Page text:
Abu Dhabi Oil Giant in Talks to Buy Trader Gunvor


Abu Dhabi’s massive national oil company is in talks to buy commodity trading house Gunvor Group Ltd., according to people familiar with the talks, a deal that would create one of the world’s largest traders of oil-and-gas products as the war in Ukraine is disrupting global energy supply

Abu Dhabi National Oil Co. is considering a minority stake or taking full control of Gunvor, merging it with the Emirati oil firm’s own trading company, these people said. A deal would mark a major overseas investment for a Gulf state flush with cash earned from elevated oil prices

A deal still might fail to come together, these people added.

The talks come as Europe seeks alternative supplies to Russian gas and the global market reorders flows of commodities over the geopolitical fallout from the invasion of Ukraine. 

With the West largely avoiding Russian oil, Middle East petrostates now have a new market in Europe after years of focusing on sales to China. Abu Dhabi sees Europe as a market of the future because of shifting geopolitics, and a deal for Gunvor—an established player with international reach—would would be one way of getting a foothold, people familiar with the talks said. 

The war has created investment opportunities for Abu Dhabi, the world’s seventh-biggest oil producer, as higher crude prices this year have  boosted revenues for the government while global equities and private investment markets have suffered declines.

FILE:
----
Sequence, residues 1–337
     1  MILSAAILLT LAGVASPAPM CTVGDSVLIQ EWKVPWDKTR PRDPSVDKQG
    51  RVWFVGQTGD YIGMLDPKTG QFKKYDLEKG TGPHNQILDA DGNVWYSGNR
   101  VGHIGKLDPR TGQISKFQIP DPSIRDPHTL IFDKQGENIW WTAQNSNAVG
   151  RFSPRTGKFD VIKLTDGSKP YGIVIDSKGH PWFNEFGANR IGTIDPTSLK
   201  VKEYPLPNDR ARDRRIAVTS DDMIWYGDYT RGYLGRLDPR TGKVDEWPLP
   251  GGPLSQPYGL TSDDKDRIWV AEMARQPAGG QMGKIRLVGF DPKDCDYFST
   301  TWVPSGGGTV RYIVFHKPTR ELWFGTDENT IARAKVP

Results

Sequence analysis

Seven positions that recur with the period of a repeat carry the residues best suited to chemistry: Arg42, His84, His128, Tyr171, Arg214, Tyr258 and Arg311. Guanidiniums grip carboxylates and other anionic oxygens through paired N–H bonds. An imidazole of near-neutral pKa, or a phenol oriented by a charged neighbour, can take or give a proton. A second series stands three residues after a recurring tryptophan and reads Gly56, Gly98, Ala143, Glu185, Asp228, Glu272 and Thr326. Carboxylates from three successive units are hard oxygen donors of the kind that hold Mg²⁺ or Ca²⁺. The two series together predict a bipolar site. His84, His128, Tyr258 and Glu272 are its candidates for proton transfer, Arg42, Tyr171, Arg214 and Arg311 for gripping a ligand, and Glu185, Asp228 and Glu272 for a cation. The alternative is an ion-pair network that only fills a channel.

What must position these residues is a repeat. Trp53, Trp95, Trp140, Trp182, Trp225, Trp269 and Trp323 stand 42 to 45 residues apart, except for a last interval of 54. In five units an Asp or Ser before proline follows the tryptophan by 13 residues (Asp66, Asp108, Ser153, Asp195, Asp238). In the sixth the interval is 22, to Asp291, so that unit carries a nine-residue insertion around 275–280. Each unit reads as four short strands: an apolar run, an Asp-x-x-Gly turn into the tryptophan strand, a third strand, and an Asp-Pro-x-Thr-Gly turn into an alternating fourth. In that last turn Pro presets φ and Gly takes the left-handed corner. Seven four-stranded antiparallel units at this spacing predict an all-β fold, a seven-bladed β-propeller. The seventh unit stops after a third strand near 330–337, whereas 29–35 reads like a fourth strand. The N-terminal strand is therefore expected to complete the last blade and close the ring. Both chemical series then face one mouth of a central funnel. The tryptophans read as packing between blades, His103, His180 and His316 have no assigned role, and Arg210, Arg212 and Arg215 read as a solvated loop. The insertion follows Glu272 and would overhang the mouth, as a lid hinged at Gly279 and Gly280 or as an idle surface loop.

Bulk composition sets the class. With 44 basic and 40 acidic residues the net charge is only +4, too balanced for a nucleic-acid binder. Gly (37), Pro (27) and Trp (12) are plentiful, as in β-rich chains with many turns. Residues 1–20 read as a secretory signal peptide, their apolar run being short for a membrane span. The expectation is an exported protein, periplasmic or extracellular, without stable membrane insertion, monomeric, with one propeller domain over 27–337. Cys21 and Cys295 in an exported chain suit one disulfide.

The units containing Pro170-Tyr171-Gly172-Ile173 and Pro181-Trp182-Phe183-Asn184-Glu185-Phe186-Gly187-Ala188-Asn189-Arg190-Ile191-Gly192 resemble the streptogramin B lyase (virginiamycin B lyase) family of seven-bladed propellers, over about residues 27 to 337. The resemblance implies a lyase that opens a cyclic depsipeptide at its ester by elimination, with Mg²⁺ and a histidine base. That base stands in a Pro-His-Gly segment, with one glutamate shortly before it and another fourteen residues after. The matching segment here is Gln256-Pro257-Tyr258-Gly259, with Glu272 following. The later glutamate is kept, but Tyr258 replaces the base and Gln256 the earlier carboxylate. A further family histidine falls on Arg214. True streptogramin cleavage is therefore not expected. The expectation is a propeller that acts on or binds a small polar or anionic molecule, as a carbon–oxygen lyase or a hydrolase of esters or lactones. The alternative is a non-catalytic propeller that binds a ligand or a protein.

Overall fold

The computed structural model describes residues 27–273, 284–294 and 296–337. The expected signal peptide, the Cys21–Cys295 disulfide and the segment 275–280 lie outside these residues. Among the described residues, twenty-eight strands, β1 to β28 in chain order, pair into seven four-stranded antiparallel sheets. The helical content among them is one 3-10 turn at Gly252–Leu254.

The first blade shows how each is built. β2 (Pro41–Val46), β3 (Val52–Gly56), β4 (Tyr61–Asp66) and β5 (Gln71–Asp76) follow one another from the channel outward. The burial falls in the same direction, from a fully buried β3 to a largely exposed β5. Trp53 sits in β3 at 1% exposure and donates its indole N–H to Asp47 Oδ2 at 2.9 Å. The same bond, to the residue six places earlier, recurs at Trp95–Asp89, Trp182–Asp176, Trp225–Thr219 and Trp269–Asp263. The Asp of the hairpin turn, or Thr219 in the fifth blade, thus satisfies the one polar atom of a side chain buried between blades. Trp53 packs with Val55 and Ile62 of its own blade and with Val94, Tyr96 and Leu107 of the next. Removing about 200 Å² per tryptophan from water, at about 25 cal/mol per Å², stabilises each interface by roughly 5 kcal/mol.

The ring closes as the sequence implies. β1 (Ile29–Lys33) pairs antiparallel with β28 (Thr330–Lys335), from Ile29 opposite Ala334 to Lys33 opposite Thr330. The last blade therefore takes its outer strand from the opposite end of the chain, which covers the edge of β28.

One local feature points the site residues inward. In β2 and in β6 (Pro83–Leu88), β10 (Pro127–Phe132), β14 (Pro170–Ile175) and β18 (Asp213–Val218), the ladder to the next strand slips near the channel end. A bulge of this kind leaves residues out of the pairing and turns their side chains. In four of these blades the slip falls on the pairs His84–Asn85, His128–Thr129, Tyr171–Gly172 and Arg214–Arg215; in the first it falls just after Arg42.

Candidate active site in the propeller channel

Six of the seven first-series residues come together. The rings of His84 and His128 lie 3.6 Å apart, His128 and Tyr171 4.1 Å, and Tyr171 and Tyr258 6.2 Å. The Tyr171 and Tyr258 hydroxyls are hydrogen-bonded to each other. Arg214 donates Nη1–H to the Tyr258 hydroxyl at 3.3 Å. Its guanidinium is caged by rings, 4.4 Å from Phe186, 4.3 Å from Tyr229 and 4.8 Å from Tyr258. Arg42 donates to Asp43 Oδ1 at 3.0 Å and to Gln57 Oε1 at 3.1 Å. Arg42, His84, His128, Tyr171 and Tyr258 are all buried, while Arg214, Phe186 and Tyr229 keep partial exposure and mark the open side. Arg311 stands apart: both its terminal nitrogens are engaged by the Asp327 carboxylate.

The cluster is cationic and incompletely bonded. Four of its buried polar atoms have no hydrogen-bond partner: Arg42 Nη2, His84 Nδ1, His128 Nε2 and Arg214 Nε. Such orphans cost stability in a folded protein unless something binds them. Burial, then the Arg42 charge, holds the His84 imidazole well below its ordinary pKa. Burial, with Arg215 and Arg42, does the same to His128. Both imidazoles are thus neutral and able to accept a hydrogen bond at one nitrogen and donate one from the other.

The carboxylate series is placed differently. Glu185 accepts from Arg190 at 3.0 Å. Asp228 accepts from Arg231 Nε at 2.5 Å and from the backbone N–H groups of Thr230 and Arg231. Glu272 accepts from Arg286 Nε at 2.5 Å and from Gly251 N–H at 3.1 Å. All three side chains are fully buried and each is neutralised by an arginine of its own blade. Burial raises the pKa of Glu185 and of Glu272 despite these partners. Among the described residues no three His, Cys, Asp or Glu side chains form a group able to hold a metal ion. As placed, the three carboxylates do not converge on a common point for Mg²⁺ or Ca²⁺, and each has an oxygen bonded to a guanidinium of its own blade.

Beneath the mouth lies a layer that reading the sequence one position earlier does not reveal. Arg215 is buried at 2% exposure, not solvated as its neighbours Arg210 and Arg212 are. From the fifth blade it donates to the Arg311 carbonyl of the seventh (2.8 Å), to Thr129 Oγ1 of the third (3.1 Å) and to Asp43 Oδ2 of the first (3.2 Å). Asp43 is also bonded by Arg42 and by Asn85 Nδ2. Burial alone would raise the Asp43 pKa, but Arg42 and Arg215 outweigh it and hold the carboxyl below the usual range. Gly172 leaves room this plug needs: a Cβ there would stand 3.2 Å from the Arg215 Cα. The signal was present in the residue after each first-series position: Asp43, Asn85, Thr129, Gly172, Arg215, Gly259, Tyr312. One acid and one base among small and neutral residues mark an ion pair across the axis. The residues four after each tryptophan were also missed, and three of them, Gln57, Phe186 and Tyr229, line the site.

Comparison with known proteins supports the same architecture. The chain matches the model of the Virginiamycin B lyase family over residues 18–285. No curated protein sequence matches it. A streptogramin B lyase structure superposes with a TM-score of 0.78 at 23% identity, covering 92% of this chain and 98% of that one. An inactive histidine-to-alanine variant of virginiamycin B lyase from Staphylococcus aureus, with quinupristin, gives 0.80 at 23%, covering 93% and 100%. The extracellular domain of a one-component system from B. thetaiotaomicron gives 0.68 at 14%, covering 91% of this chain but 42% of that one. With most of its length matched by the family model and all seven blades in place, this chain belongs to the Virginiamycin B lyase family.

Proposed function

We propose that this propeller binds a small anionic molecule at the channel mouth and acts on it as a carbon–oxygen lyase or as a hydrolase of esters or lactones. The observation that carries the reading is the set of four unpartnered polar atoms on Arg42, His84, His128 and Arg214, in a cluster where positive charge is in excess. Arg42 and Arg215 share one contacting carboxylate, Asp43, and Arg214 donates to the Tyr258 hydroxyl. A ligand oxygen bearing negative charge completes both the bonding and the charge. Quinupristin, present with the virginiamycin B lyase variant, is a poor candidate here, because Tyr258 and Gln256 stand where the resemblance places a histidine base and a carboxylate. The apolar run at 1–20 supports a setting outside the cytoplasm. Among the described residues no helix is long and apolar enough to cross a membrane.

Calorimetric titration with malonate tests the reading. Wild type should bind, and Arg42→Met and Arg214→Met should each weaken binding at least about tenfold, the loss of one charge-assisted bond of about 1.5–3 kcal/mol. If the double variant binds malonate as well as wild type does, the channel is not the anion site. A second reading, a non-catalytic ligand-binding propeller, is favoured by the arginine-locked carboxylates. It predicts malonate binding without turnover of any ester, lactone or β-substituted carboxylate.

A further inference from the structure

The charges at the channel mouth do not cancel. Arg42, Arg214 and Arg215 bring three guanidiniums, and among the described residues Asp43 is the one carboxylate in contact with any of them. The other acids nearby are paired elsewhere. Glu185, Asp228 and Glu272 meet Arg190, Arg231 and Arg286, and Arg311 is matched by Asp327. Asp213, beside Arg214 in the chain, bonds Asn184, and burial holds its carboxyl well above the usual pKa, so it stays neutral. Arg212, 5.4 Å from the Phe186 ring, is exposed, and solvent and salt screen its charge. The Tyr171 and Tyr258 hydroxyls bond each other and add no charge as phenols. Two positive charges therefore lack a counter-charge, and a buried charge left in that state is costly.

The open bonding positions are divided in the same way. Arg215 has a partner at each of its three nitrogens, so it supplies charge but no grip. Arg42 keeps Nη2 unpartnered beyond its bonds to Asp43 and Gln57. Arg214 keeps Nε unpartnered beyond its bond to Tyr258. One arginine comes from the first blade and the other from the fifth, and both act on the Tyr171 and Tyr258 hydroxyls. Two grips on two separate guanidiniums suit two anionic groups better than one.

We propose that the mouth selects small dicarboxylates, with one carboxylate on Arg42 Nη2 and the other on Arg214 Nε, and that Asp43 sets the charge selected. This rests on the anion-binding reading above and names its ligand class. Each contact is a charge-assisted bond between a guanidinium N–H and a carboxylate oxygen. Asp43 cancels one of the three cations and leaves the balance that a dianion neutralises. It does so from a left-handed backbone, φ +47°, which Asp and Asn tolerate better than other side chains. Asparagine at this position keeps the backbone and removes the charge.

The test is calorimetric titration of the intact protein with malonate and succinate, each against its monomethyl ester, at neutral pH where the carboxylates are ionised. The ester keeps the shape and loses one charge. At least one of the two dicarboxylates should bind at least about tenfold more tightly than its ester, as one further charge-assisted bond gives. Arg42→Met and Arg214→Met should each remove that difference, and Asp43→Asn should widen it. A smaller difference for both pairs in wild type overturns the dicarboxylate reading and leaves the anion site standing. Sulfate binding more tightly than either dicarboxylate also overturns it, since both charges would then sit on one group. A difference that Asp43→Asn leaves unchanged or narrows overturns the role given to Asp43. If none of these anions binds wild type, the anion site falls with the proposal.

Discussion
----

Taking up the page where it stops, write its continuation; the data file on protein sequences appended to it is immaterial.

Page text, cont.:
Adnoc


ADNOCDIST 0.70%

also earlier this year expressed interest in buying the trading arm of Russian oil-and-gas company Lukoil PJSC, people familiar with that deal said. That potential deal never progressed to serious discussions, and ended following the backlash against Russian firms in the wake of the invasion of Ukraine, the people said. 

Adnoc’s possible purchase of Gunvor comes as Europe seeks alternative supplies to Russian natural gas. A Gunvor refinery in Rotterdam.



Photo:

Peter Boer/Bloomberg News

Abu Dhabi’s sovereign-wealth funds have been some of the most active globally. The emirate, the capital of the seven-state federation of the United Arab Emirates, has already expanded into commodities trading by last year taking a major stake in Louis Dreyfus Company B.V., the Dutch agricultural merchant.

A potential value of Gunvor couldn’t be determined. Run from Geneva and focused on oil and liquefied natural gas, Gunvor is one of a handful of mostly private commodity trading houses that dominate the movement of raw materials around the world along with competitors such as Trafigura Group, Vitol and

Glencore

PLC. 

In the first half of 2022, Gunvor reported profits of $841 million on revenue of $89.1 billion. Chief Executive and co-founder

Torbjörn Törnqvist

owns shares worth about 87% of the company’s voting rights, according to a 2021 bond prospectus. Senior employees own the rest. 

Though its focus is trading, Gunvor also owns and operates storage facilities, terminals and a pipeline in Panama as well as several refineries, oil terminals and biofuel plants in Europe.

Adnoc in recent years has embarked on a strategy of selling parts of its business to outside investors, including sales of stakes in its oil-and-gas pipelines and by listing subsidiaries on the local stock market. The U.A.E. government hasn’t, however, sold shares in the parent company itself, as neighboring Saudi Arabia has done with its state oil firm, Aramco. 

Bloomberg News first reported the talks between Adnoc and Gunvor.

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